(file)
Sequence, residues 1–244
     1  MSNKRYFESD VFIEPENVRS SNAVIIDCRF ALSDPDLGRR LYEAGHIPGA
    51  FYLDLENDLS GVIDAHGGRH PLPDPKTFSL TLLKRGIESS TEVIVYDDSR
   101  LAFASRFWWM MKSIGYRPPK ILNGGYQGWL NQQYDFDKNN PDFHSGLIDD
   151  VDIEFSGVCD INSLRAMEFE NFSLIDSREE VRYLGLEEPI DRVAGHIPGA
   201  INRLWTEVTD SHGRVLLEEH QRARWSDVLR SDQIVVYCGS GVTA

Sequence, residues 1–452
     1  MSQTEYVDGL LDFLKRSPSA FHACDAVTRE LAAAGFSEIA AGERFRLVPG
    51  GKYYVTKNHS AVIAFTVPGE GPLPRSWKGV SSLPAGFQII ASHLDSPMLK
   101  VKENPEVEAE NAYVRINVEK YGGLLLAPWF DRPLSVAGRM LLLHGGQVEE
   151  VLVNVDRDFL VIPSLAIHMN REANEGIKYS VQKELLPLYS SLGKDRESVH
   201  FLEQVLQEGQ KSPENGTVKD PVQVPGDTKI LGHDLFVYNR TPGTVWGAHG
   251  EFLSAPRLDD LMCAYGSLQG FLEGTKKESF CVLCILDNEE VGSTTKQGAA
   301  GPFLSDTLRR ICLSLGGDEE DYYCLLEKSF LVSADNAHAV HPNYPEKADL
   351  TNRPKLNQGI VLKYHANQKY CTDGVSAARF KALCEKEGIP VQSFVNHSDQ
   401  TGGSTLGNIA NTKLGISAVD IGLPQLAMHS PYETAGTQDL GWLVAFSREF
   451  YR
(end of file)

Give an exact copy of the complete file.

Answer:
Sequence, residues 1–244
     1  MSNKRYFESD VFIEPENVRS SNAVIIDCRF ALSDPDLGRR LYEAGHIPGA
    51  FYLDLENDLS GVIDAHGGRH PLPDPKTFSL TLLKRGIESS TEVIVYDDSR
   101  LAFASRFWWM MKSIGYRPPK ILNGGYQGWL NQQYDFDKNN PDFHSGLIDD
   151  VDIEFSGVCD INSLRAMEFE NFSLIDSREE VRYLGLEEPI DRVAGHIPGA
   201  INRLWTEVTD SHGRVLLEEH QRARWSDVLR SDQIVVYCGS GVTA

Sequence, residues 1–452
     1  MSQTEYVDGL LDFLKRSPSA FHACDAVTRE LAAAGFSEIA AGERFRLVPG
    51  GKYYVTKNHS AVIAFTVPGE GPLPRSWKGV SSLPAGFQII ASHLDSPMLK
   101  VKENPEVEAE NAYVRINVEK YGGLLLAPWF DRPLSVAGRM LLLHGGQVEE
   151  VLVNVDRDFL VIPSLAIHMN REANEGIKYS VQKELLPLYS SLGKDRESVH
   201  FLEQVLQEGQ KSPENGTVKD PVQVPGDTKI LGHDLFVYNR TPGTVWGAHG
   251  EFLSAPRLDD LMCAYGSLQG FLEGTKKESF CVLCILDNEE VGSTTKQGAA
   301  GPFLSDTLRR ICLSLGGDEE DYYCLLEKSF LVSADNAHAV HPNYPEKADL
   351  TNRPKLNQGI VLKYHANQKY CTDGVSAARF KALCEKEGIP VQSFVNHSDQ
   401  TGGSTLGNIA NTKLGISAVD IGLPQLAMHS PYETAGTQDL GWLVAFSREF
   451  YR